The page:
identifying one or more sets of two or more duplicate image records in said highest cluster; and
selecting said representative image from one of said duplicate images.
9. The method of claim 8 wherein said one of said duplicate images is one of the images of the respective said set having a greatest number of said duplicate images in the respective said subevent.
10. The method of claim 8 wherein, when said highest cluster is said remainder cluster, said designating further comprises:
determining one or more of said image records at a spatio-temporal midpoint of said highest cluster; and
selecting said image record from said one or more image records at said spatio-temporal midpoint as said representative image of said remaining group.
Description
CROSS REFERENCE TO RELATED APPLICATIONS

Reference is made to commonly assigned, U.S. patent application Ser. No. 60/828,493, entitled: DIFFERENTIAL CLUSTER RANKING FOR IMAGE RECORD ACCESS, filed Oct. 6, 2006, in the names of Cathleen D. Cerosaletti, John R. Fredlund, Alexander C. Loui, Sharon Field; Ser. No. 60/828,494, entitled: SUPPLYING DIGITAL IMAGES FROM A COLLECTION, filed Oct. 6, 2006, in the names of Cathleen D. Cerosaletti, John R. Fredlund, Samuel M. Fryer, Bryan D. Kraus, Alexander C. Loui, Annette L. Moore

FIELD OF THE INVENTION

The invention relates to digital image organization and management and more particularly relates to representative image selection hierarchical clustering.

BACKGROUND OF THE INVENTION

Digital photographers capture digital content with digital still cameras, video cameras, camera phones, and other random access digital capture devices. The captured content is initially stored on the capture device and, commonly, is then moved to personal computer disk memory or online storage systems. Whether the images are stored on the device or on larger computer systems, the photographer can either manually or automatically organize their images in a hierarchical fashion into digital content containers (typically called albums or folders). These containers can contain images and other image containers creating a hierarchical storage scheme. Organizing digital content by the real-life events, such as birthdays, holiday parties, and the like, is one of the most common organization methods used by digital photographers.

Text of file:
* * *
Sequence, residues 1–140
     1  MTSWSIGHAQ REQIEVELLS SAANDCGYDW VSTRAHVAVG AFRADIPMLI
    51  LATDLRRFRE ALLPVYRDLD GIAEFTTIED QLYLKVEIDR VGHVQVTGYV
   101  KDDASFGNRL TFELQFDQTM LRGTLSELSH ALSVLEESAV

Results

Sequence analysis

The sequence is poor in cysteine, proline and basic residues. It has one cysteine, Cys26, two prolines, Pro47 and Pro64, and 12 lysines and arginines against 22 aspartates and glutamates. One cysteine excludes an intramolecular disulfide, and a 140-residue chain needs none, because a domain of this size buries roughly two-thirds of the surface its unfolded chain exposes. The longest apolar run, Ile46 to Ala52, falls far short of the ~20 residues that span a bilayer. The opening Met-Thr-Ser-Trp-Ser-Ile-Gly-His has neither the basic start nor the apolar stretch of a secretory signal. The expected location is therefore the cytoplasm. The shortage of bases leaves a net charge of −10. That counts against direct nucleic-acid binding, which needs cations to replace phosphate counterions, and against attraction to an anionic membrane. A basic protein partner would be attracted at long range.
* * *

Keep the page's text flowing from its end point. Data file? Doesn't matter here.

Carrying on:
When searching and browsing hierarchical digital content collections, digital capture devices, personal computer file systems, image organization applications, and online storage systems typically represent a collection of digital content with an icon and/or a small-scaled image from the collection usually called a “thumbnail”. The thumbnail image gives the user a view of one image from a potentially large collection of images to assist them in recognizing the event and content of the collection and is advantageous for this purpose over an icon and collection name. The specific image selected from the collection to represent the collection is sometimes referred to as a “key” image. The same approach is utilized to provide representative images, also referred to as “key frames”, of video sequences.